Three sweet nurseries prove that style and sentimentality go hand in hand
Soft Place to Land
A painting from new baby Jules’ grandmother. A poem from parents Claire and Taylor Harrell’s wedding. A candle that was lit during Jules’ delivery. An array of items—old and new—came together in this pastel nursery to create a space that is as beautiful as it is meaningful. “Anyone who knows me well knows that I am extremely sentimental,” Claire says. “We wanted to be able to use the items in Jules’ room to teach her all about the people behind them, whether it’s family, friends or inspirational people in our lives.”
The rest of the room is no less impactful. Muted hues give an ethereal look, while pieces like the dresser, Hunt Slonem pillow and glider were chosen with the purpose of growing with Jules. “My advice to parents is to have fun with the nursery and let it be a reflection of your family,” advises Claire. “I can’t wait to see how Jules’ room will evolve as she grows and adds her own style to it.”
Taylor & Claire Harrell with baby Jules, along with dog Tallulah and cat Binx. Photo by Brooke Boyd
Sentimentality took a different form for mom Sara Robarts. Rather than mementos from her or her husband Ethan’s childhoods, every item—from the Hunt Slonem wallpaper to the smiley face accent rug—came to represent their journey to meeting their new son August, aka Augie. “I find sentiment in knowing that the space and every item in it is specific to Augie and picked out during such a special and exciting time in our lives,” Sara explains. “Each piece gave me the sense that I knew my son even before he was here.”
Born to Be Wild
When Rachel Eggie Gibbs started designing her gender-neutral nursery, she wanted it to be anything but, well, neutral. A bold accent wall in Sherwin Williams’ Tricorn Black—the same color used in Rachel’s salon, EGGIE Salon Studio—set the stage for the entire space. “I honestly didn’t know it was bold until I sent the final picture in our family group text,” Rachel says, recalling the funny responses from her brother and other family members. “I know black and white aren’t typical for a nursery. I wanted it to still feel babyish without taking away from the modern look, so I started searching for little baby safari animal prints. Girl or boy, who doesn’t like baby animals?”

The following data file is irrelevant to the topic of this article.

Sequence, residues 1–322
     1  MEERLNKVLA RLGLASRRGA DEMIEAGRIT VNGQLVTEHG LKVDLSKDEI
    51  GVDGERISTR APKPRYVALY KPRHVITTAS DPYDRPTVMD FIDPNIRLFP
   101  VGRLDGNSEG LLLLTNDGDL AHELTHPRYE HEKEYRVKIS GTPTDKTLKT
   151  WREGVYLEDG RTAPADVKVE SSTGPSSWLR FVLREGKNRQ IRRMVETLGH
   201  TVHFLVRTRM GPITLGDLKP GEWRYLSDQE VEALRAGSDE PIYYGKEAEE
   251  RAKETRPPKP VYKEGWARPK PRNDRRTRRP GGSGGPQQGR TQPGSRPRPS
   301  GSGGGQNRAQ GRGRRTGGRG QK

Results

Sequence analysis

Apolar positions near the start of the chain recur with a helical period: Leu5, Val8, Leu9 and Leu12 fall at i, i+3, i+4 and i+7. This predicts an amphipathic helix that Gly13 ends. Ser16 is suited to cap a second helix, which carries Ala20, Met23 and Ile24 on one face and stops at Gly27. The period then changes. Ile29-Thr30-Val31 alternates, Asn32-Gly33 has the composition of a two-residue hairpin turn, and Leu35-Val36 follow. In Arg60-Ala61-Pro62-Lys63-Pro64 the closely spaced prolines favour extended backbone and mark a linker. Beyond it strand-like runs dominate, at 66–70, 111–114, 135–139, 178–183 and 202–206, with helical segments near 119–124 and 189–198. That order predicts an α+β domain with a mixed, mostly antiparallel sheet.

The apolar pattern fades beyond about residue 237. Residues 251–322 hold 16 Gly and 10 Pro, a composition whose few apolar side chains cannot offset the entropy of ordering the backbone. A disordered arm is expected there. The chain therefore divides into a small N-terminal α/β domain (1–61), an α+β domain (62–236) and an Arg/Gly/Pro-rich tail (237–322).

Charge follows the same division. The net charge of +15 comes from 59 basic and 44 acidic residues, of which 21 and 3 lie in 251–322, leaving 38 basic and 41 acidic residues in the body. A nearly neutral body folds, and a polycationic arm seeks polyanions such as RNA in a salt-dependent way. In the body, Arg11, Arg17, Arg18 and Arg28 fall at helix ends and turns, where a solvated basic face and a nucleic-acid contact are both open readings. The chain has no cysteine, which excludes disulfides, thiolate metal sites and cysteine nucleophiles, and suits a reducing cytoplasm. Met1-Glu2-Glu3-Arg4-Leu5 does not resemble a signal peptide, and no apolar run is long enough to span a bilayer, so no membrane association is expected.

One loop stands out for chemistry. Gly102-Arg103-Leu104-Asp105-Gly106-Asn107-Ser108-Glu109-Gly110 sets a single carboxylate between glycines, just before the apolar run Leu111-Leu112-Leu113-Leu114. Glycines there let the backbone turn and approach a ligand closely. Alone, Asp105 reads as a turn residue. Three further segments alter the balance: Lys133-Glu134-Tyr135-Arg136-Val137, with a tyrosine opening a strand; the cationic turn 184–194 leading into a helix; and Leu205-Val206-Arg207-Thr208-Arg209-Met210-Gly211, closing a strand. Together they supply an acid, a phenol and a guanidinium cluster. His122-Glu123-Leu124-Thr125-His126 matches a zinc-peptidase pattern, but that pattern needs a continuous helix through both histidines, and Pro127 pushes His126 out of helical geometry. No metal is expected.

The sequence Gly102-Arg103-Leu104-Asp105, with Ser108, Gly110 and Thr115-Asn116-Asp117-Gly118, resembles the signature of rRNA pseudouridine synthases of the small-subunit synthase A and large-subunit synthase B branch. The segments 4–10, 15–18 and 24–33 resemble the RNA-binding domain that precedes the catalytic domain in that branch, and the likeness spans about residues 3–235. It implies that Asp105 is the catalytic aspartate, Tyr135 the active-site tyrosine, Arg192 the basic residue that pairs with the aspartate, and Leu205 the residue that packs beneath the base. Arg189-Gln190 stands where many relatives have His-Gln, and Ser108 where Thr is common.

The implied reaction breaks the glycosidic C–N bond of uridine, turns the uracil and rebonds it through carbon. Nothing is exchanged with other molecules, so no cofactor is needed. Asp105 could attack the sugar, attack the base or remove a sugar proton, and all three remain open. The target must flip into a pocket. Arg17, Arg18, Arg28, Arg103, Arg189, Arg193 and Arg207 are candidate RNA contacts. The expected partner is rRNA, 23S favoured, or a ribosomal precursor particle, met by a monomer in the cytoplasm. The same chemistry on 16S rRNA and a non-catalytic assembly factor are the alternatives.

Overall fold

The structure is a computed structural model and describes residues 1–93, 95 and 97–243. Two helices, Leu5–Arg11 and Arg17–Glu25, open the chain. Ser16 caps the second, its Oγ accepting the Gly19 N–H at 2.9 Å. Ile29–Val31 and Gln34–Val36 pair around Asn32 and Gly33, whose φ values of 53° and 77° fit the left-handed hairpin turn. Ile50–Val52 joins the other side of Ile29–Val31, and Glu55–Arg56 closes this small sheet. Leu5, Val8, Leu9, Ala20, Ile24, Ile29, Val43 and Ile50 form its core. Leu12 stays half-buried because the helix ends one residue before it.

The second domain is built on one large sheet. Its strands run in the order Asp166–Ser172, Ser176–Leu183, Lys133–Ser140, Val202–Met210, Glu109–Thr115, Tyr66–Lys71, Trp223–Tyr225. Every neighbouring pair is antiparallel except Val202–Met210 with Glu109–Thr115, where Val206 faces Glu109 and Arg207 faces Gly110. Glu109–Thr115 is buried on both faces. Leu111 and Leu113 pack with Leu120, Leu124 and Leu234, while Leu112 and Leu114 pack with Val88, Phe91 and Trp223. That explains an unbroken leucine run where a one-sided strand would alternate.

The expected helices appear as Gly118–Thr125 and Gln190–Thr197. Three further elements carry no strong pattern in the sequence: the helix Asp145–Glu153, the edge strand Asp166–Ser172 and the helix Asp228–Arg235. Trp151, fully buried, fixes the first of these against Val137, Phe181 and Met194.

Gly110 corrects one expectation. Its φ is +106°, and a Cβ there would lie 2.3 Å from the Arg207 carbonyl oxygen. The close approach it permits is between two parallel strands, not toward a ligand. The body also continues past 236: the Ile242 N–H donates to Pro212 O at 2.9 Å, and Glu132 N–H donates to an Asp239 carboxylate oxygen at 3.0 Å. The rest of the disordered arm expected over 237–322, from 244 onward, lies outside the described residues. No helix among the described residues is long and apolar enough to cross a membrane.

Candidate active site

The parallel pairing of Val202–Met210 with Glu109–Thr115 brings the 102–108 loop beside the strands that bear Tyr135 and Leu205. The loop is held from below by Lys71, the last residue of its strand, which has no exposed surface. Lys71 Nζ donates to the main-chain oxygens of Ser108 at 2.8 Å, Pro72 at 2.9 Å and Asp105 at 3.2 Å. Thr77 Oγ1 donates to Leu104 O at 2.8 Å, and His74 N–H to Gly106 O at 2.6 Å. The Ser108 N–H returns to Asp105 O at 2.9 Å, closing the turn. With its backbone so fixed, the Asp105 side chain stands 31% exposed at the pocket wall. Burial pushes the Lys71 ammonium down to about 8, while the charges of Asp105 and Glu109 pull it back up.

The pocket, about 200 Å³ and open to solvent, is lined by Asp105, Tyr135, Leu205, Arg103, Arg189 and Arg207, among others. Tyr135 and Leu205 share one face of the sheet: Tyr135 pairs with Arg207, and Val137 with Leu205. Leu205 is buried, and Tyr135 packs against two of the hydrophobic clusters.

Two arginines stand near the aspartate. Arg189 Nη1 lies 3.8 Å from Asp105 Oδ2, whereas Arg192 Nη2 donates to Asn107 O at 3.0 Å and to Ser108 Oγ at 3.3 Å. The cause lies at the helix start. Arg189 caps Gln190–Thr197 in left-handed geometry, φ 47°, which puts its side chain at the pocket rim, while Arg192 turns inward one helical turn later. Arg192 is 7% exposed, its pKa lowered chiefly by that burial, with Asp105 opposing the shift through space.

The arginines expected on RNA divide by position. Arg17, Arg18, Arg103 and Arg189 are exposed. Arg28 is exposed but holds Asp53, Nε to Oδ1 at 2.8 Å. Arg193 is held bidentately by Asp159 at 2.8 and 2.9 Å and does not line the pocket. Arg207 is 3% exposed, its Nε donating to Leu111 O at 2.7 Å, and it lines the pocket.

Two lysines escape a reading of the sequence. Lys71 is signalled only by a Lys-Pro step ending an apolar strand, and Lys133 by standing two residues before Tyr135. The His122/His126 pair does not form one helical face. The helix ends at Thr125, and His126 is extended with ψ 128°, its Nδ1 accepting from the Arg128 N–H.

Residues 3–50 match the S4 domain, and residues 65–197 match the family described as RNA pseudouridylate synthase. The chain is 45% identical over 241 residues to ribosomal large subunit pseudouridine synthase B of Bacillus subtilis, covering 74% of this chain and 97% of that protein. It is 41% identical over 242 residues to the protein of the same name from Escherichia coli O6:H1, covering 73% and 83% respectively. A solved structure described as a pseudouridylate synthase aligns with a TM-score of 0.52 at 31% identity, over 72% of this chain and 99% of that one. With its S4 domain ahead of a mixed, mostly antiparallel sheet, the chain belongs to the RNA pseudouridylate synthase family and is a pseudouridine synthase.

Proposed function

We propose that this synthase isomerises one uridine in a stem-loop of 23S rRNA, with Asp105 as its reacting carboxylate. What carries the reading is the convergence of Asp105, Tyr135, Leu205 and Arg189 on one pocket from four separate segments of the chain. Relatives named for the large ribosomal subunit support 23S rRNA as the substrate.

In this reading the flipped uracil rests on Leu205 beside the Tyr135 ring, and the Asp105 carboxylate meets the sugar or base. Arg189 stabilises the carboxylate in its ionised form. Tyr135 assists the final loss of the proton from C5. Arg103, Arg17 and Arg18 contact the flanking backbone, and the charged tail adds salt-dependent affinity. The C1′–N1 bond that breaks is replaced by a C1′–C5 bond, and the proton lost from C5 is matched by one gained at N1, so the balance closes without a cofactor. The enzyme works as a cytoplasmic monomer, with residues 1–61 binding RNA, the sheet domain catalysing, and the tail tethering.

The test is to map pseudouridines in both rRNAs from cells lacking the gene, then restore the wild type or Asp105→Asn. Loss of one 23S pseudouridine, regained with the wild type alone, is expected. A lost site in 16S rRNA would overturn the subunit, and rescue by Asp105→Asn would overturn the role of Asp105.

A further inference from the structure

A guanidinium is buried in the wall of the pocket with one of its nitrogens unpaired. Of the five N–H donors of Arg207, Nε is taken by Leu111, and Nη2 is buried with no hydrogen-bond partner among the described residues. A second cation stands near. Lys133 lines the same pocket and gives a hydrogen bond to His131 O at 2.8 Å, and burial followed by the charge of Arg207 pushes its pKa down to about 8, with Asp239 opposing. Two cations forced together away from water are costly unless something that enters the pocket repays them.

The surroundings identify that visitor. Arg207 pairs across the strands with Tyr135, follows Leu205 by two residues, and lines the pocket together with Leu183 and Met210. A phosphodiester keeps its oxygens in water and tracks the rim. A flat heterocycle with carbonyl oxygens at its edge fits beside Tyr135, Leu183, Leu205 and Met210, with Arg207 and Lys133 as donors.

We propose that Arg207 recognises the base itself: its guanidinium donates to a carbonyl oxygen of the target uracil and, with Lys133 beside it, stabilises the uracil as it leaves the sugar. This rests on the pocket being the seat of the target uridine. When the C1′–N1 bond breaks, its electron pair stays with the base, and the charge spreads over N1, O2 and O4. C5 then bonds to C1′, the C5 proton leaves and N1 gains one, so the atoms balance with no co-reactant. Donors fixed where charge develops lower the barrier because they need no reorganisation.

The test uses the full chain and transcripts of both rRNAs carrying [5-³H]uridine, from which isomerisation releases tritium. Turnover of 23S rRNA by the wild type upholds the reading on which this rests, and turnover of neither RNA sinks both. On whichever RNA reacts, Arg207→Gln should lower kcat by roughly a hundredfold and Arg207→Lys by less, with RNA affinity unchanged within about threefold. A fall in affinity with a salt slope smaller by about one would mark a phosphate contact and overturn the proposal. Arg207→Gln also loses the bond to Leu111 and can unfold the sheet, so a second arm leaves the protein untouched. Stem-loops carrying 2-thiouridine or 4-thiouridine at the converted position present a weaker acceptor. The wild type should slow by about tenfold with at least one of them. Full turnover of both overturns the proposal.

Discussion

The gold-accented prints now hang above Rachel and her husband Micah’s baby girl Addison’s crib, playing off of gold touches throughout the room and maintaining the sophistication of the rest of the house. “My entire house is decorated with white, black and gold, so it flows perfectly,” notes Rachel.
Room to Grow
A nursery isn’t just a place for a new baby to physically sleep, it’s an outlet for an expecting mom while she is still anxiously awaiting their arrival. New moms Claire Harrell, Sara Robarts and Rachel Eggie Gibbs share tips on the process of designing a nursery:
1. Not every item needs to be an investment.
Children aren’t known for their cleanliness. And while some items, like curtains or a dresser, can stand the test of time, many details will just get too much wear and tear. “You don’t need to spend a fortune to create a beautiful room,” explains Claire, who opted to splurge on Jules’ curtains and glider. “Pick a few quality investment pieces that will last, but then have fun with the accessories.”
2. Look beyond baby stores.
For Augie’s nursery, Sara took her time collecting pieces from an array of sources, all with the intention of starting a collection that could grow with her son. The result is a playful but elevated look that can easily transform as the years pass. “I wanted to create something that was fun and youthful, but also something I myself could enjoy,” Sara says. “I love that each piece will still have a place in our home after the nursery is no more.”
3. It’s OK to break the mold.
Rachel was thinking outside of the box—at least in terms of a nursery—when she chose a black accent wall for her gender-neutral baby room. While it might not be everyone’s cup of tea, the selection formed the perfect foundation for a modern space that flows with the rest of her home. “I wanted the nursery to be a little softer,” she explains, noting that the room’s inspiration was the new EGGIE Salon Studio. “That’s why I brought in some of the cream and beige with the rug and glider, instead of having everything stark white.”
4. Pull items from around your home.
Everything doesn’t have to be brand new. Claire decorated the shelves in her daughter’s room with everything from a Helen Bolin angel that she was gifted in college to a music box passed down for generations. “I love when items have meaning and intentionality,” she explains.
5. Skip the suffocating theme.
Don’t get us wrong, we love a good theme. But the key to creating a room with staying power is resisting the urge to plaster everything with a baby-related motif. For Sara, the Hunt Slonem bunny wallpaper was a sophisticated twist on a typical nursery theme. “Augie will now forever be my little bunny,” she says, “solely because of that wallpaper.”